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Some geologic factors relating to the laboratory examination of recent sediments Toombs, Ralph Belmore

Abstract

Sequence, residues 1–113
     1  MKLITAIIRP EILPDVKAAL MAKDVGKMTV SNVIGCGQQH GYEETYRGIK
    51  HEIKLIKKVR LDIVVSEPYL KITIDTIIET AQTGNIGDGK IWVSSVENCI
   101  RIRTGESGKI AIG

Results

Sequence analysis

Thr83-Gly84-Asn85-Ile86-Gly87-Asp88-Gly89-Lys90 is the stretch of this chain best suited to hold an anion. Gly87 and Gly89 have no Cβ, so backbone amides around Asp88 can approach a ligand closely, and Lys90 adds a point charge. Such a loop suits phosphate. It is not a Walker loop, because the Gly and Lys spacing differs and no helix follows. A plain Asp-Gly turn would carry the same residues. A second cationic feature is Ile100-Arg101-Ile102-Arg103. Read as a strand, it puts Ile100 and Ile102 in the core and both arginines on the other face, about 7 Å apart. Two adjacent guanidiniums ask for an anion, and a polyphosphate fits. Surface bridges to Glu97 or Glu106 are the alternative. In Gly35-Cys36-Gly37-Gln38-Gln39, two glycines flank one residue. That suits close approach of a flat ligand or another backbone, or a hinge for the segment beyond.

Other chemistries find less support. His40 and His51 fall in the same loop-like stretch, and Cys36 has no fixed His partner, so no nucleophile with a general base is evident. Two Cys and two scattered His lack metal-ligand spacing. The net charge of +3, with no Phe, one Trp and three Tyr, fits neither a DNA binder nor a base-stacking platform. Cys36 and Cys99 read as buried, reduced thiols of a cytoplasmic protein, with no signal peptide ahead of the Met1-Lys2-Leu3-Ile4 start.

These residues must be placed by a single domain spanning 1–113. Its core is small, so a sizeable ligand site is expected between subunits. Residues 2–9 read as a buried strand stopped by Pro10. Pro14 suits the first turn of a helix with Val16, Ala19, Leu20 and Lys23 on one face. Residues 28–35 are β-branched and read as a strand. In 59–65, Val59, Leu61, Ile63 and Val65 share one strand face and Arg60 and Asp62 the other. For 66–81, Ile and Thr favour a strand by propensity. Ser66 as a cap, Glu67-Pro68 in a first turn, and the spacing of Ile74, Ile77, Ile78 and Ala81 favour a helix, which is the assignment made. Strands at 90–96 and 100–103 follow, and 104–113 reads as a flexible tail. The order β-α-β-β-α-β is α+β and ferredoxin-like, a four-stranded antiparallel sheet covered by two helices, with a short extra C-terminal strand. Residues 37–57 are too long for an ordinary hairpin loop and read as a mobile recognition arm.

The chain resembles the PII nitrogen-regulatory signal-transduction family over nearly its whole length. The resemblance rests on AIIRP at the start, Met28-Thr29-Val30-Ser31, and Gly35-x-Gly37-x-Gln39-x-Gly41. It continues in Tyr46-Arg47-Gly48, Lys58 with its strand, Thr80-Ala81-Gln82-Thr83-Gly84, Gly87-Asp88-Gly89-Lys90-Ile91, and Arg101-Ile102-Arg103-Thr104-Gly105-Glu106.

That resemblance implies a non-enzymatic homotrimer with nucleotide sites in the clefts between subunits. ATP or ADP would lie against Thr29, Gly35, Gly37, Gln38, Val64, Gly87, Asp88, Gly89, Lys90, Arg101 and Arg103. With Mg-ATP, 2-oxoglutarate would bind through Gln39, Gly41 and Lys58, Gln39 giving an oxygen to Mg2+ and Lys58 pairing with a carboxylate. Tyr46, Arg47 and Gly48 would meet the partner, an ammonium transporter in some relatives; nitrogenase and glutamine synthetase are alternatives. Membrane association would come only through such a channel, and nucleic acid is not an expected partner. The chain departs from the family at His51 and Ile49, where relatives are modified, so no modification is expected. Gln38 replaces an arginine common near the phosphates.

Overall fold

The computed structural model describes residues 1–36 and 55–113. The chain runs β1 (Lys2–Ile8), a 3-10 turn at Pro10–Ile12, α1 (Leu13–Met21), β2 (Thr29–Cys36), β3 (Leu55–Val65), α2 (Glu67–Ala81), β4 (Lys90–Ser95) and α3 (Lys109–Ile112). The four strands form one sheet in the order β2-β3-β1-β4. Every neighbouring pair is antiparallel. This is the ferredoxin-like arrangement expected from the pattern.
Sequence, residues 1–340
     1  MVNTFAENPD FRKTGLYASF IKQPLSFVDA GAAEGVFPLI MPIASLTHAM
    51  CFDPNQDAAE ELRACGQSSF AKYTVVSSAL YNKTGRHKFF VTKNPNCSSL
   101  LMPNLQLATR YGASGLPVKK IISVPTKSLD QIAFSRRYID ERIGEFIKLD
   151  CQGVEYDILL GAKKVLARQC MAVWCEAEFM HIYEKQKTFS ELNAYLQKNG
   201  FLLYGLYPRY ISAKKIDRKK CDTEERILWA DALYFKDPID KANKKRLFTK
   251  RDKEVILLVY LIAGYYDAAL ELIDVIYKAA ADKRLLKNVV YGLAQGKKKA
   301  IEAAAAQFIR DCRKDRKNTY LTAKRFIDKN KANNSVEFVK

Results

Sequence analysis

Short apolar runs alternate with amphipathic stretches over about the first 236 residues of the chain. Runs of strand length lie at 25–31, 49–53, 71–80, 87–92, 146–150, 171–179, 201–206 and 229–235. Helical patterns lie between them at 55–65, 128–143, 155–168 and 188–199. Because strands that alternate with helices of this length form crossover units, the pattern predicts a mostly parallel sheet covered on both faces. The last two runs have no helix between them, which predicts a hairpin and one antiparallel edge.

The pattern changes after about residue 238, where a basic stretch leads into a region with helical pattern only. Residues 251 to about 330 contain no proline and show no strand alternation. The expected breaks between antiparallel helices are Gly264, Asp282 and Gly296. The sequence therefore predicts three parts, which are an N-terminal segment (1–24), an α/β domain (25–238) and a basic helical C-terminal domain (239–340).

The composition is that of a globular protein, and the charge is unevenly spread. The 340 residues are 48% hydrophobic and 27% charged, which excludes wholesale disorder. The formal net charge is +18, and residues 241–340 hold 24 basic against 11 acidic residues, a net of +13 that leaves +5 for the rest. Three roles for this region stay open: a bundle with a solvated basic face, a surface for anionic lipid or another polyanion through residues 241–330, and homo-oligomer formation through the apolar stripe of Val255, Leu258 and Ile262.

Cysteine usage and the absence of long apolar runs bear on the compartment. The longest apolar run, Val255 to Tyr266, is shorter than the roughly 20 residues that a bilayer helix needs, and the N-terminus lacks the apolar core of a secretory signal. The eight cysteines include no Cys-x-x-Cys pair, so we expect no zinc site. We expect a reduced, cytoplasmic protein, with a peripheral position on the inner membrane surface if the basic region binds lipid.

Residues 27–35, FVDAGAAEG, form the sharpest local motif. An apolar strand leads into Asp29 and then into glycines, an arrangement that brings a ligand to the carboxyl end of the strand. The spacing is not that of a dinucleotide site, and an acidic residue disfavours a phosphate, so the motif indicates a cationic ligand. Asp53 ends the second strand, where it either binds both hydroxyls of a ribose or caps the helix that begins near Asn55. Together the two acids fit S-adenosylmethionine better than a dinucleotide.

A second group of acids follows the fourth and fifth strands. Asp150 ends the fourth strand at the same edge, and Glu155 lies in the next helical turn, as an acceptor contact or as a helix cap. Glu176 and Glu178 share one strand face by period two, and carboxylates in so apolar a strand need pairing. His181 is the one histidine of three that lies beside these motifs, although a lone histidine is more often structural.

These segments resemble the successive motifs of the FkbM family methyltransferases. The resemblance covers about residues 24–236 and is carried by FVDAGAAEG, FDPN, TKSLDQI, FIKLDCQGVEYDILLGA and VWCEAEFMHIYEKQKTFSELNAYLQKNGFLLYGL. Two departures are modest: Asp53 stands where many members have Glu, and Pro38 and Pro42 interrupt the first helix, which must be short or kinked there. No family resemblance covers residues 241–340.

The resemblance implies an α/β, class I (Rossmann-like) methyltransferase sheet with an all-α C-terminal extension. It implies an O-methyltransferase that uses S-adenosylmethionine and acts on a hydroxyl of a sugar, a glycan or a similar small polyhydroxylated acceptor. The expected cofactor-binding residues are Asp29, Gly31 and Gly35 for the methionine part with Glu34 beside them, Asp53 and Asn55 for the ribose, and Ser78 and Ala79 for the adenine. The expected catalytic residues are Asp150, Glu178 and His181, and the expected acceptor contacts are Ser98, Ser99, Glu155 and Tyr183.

In selecting suitable procedures for the laboratory investigation of recent sediments, the first step suggested is that of examining conditions in the geologic environment that influence sediment properties. This step is illustrated by reference to the geologic history and physical features of a British Columbia fiord as a basis for assessing environmental conditions affecting the fiord sediments. Having inquired into the conditions surrounding the origin of sediments, the laboratory investigator is better prepared to emphasize those procedures which will provide the most significant types of data. In this project, a number of properties of recent sediments are investigated by physical, chemical and mechanical analyses, by the binocular, petrographic and electron microscopes, and by X-ray diffraction, spectroscopy, and differential thermal analysis; techniques are selected on the basis of a study of the fundamental geologic principles relating to each sediment property. A number of statistical devices are employed in the presentation of data. Illustration is given of the utility of geologic data, as obtained in the laboratory, to investigators in the fields of soil mechanics, pedology and ceramics. The sediments examined during this study were obtained as bottom and core samples from Bute Inlet. They are best described as "rock flour": the sand fraction does not exceed 5% and the minerals are relatively unaltered; the clay-size fraction averages 23% but there is no discernible clay mineral content. Mineralogically the sediments can be related, to a certain degree, to drainage basin geology. Information obtained to date on the Bute Inlet sedimentary environment suggests that sediments accumulating there are not characteristic of those which might be classified as source beds for petroleum.

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